5. Phenylbutyrate Mouthwash Mitigates Oral Mucositis During Radiotherapy or Chemoradiotherapy in Patients With Head-and-Neck Cancer

    SciTech Connect

    Yen, Sang-Hue; Wang, Ling-Wei; Lin, Yi-Hsien; Jen, Yee-Min; Chung, Yih-Lin

    2012-03-15

    Purpose: Deleterious oral mucositis (OM) develops during radiotherapy (RT) or chemoradiotherapy for head-and-neck cancer (HNC) patients. There are currently no effective cytoprotective treatments for OM without a potential risk of tumor protection. This randomized, double-blind, placebo-controlled pilot study aimed to determine the therapeutic safety and efficacy of phenylbutyrate (an antitumor histone deacetylase inhibitor and chemical chaperone) 5% mouthwash for treating OM caused by cancer therapy. Methods and Materials: Between September 2005 and June 2006, 36 HNC patients were randomized to standard oral care plus 5 mL of either phenylbutyrate 5% mouthwash (n = 17) or placebo (mouthwash vehicle, n = 19) taken four times daily (swish and spit). Treatment began when mild mucositis (Radiation Therapy Oncology Group Grade 1) occurred, and ended 4 weeks after RT completion. Safety and efficacy were based on adverse events, physical examination, laboratory determinations, vital signs, Oral Mucosa Assessment Scale (OMAS) and World Health Organization scores, the ability to eat, body weight change, local control, and survival. Results: We found no severe drug-related side effect. At RT doses of 5500-7500 cGy, phenylbutyrate significantly mitigated the severity of mucositis compared with placebo, based on both the WHO score (severity {>=} 3; p = 0.0262) and the OMAS scale (ulceration score {>=} 2; p = 0.0049). The Kaplan-Meier estimates for 2- and 3-year local control, and overall survival were 100% and 80.8%, and 78.6% and 64.3%, respectively, in the phenylbutyrate group and 74.2% and 74.2%, and 57.4% and 50.2%, respectively, in the placebo group. Conclusions: This pilot trial suggested that phenylbutyrate mouthwash significantly decreased the impact of OM in HNC patients receiving RT or chemoradiotherapy and did not confront the tumor control. Larger Phase II randomized trials are needed to confirm these results.

  6. RLIP76 Regulates PI3K/Akt Signaling and Chemo-Radiotherapy Resistance in Pancreatic Cancer

    PubMed Central

    Leake, Kathryn; Singhal, Jyotsana; Nagaprashantha, Lokesh Dalasanur; Awasthi, Sanjay; Singhal, Sharad S.

    2012-01-01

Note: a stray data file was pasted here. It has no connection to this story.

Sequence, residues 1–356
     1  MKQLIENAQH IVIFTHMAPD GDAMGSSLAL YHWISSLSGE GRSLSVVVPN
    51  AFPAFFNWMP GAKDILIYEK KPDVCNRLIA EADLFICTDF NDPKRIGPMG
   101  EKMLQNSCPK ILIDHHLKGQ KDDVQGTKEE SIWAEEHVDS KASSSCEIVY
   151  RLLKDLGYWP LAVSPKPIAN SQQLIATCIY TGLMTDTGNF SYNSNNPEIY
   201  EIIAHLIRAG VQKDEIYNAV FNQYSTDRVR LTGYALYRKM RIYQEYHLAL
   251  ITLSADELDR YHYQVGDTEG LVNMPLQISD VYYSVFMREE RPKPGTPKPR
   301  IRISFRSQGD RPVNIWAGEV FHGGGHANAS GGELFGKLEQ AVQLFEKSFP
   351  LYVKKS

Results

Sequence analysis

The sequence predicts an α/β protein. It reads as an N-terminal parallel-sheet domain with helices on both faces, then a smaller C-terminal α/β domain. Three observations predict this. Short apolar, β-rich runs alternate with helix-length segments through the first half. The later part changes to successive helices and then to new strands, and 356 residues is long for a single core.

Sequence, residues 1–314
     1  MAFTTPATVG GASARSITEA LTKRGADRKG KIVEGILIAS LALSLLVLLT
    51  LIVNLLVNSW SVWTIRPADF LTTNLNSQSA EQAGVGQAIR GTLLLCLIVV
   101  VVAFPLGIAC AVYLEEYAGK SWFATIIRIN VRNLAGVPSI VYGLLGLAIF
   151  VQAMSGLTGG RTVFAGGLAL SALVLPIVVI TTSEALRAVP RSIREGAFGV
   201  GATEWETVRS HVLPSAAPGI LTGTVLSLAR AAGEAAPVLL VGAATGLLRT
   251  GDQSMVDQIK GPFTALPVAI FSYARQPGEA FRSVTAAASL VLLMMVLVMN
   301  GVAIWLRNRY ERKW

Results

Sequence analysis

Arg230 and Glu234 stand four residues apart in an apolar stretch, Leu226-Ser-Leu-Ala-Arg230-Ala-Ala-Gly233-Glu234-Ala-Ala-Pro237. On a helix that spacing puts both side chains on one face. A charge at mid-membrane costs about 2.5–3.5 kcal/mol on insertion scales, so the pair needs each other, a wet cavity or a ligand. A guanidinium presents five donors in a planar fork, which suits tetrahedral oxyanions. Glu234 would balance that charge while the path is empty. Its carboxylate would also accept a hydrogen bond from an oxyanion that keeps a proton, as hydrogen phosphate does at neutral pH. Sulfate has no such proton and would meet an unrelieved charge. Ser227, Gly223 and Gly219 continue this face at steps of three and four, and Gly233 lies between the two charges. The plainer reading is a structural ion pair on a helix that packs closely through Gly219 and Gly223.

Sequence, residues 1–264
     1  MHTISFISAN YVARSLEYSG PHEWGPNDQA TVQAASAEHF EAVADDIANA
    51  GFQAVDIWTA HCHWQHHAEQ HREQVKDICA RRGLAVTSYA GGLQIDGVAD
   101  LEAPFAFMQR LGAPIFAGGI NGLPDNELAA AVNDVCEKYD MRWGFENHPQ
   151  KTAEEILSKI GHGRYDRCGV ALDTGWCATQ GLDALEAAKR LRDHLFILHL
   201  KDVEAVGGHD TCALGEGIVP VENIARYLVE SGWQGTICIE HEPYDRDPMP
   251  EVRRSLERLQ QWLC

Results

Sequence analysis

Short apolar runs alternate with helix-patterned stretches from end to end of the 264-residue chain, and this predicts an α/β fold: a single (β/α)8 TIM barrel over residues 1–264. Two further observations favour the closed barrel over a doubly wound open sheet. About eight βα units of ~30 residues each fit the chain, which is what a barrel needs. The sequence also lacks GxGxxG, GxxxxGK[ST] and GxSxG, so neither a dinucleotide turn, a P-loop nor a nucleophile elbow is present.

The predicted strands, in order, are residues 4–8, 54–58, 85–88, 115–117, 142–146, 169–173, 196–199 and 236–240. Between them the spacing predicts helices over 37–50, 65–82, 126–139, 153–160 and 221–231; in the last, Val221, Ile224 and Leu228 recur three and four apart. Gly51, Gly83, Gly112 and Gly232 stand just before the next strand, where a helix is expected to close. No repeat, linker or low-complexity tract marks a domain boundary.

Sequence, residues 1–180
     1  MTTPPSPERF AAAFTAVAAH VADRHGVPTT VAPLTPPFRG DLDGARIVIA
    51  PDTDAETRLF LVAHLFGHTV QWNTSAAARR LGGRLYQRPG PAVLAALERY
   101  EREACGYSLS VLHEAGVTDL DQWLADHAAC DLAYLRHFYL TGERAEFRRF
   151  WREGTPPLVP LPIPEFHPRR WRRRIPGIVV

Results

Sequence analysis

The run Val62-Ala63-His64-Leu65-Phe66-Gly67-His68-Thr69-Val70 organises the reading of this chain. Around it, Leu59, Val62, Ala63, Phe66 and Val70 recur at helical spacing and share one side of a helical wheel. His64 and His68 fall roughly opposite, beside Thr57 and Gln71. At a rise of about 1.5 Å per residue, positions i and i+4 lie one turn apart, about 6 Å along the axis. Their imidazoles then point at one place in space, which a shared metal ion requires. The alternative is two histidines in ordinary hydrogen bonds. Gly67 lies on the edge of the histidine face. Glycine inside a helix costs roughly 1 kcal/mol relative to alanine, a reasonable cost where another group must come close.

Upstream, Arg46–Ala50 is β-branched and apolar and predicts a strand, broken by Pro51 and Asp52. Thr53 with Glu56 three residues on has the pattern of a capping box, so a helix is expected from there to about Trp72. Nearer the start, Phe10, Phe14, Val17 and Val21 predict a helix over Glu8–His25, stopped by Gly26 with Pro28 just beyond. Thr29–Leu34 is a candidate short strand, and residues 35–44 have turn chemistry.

Purpose Pancreatic cancer is an aggressive malignancy with characteristic metastatic course of disease and resistance to conventional chemo-radiotherapy. RLIP76 is a multi-functional cell membrane protein that functions as a major mercapturic acid pathway transporter as well as key regulator of receptor-ligand complexes. In this regard, we investigated the significance of targeting RLIP76 on PI3K/Akt pathway and mechanisms regulating response to chemo-radiotherapy. Research Design and Methods Cell survival was assessed by MTT and colony forming assays. Cellular levels of proteins and phosphorylation was determined by Western blot analyses. The impact on apoptosis was determined by TUNEL assay. The anti-cancer effects of RLIP76 targeted interventions in vivo were determined using mice xenograft model of the pancreatic cancer. The regulation of doxorubicin transport and radiation sensitivity were determined by transport studies and colony forming assays, respectively. Results Our current studies reveal an encompassing model for the role of RLIP76 in regulating the levels of fundamental proteins like PI3K, Akt, E-cadherin, CDK4, Bcl2 and PCNA which are of specific importance in the signal transduction from critical upstream signaling cascades that determine the proliferation, apoptosis and differentiation of pancreatic cancer cells. RLIP76 depletion also caused marked and sustained regression of established human BxPC-3 pancreatic cancer tumors in nude mouse xenograft model. RLIP76 turned out to be a major regulator of drug transport along with contributing to the radiation resistance in pancreatic cancer. Conclusions/Significance RLIP76 represents a mechanistically significant target for developing effective interventions in aggressive and refractory pancreatic cancers. PMID:22509328